Turkic languages

The Turkic languages are a language family of at least 35[1] documented languages, spoken by the Turkic peoples of Eurasia from Eastern Europe and Southern Europe to Central Asia, East Asia, North Asia (Siberia), and Western Asia. The Turkic languages originated in a region of East Asia spanning from Mongolia to Northwest China, where Proto-Turkic is thought to have been spoken,[2] from where they expanded to Central Asia and farther west during the first millennium.[3] They are characterized as a dialect continuum.[4]

Turkic
EthnicityTurkic peoples
Geographic
distribution
Central Asia
East Asia
North Asia
Western Asia
Eastern Europe
Southern Europe
Native speakers
c. 200 million
Linguistic classificationOne of the world's primary language families
Proto-languageProto-Turkic
Subdivisions
ISO 639-5trk
Glottologturk1311
The distribution of the Turkic languages

Turkic languages are spoken natively by some 200 million people, and the total number of Turkic speakers, including second language speakers, is over 230 million.[5][6] The Turkic language with the greatest number of speakers is Turkish, spoken mainly in Anatolia and the Balkans; its native speakers account for about 38% of all Turkic speakers.[3]

Characteristic features such as vowel harmony, agglutination, subject-object-verb order, and lack of grammatical gender, are almost universal within the Turkic family.[3] There is a high degree of mutual intelligibility, upon moderate exposure, among the various Oghuz languages, which include Turkish, Azerbaijani, Turkmen, Qashqai, Chaharmahali Turkic, Gagauz, and Balkan Gagauz Turkish, as well as Oghuz-influenced Crimean Tatar.[7] Although methods of classification vary, the Turkic languages are usually considered to be divided equally into two branches: Oghur, the only surviving member of which is Chuvash, and Common Turkic, which includes all other Turkic languages including the Oghuz sub-branch.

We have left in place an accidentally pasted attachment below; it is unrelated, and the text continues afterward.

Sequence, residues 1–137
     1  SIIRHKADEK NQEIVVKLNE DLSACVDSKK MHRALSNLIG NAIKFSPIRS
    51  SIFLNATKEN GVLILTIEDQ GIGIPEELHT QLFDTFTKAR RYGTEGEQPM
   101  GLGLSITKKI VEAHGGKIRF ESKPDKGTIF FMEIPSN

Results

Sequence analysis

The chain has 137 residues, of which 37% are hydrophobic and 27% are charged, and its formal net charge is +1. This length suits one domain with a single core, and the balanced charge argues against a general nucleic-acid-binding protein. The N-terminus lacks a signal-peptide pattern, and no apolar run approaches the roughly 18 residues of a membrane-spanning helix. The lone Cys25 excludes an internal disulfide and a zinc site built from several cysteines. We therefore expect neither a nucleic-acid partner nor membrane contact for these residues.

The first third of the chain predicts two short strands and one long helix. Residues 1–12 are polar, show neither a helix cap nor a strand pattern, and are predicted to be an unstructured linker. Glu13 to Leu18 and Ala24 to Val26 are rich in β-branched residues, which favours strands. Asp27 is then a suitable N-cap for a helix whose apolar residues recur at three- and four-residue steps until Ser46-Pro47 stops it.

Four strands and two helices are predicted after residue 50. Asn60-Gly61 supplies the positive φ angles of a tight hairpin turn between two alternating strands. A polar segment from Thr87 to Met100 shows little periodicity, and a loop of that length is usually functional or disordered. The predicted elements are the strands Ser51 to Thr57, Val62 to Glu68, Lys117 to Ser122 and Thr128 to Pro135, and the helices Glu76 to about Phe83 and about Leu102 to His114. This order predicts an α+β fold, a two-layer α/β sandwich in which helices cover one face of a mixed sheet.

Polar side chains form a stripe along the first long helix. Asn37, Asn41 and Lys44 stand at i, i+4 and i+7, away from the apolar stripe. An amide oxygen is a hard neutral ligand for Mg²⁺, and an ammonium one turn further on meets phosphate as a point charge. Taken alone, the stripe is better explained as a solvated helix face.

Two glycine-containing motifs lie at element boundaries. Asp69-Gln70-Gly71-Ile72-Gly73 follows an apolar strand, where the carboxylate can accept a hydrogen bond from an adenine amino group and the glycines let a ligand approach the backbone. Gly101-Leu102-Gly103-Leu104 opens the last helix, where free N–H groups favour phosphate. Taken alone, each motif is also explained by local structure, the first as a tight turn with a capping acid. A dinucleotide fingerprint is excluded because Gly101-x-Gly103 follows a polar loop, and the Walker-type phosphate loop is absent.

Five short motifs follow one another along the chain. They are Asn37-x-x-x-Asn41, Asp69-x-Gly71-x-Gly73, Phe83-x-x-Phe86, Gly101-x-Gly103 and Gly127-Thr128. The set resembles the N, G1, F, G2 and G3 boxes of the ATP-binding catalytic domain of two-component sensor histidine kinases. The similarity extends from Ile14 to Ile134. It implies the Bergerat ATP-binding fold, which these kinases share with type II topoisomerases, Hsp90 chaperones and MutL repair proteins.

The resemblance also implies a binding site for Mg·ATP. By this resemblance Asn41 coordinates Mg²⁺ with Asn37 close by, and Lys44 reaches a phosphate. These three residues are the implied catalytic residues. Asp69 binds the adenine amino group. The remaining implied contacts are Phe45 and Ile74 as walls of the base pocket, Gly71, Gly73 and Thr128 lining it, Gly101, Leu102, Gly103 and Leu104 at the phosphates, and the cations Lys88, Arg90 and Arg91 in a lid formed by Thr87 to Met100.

Turkic languages show many similarities with the Mongolic, Tungusic, Koreanic, and Japonic languages. These similarities have led some linguists to propose an Altaic language family, though this proposal is widely rejected by Western historical linguists.[8][9] Similarities with the Uralic languages even caused these families to be regarded as one for a long time under the Ural-Altaic hypothesis.[10][11][12] However, there has not been sufficient evidence to conclude the existence of either of these macrofamilies, the shared characteristics between the languages being attributed presently to extensive prehistoric language contact.


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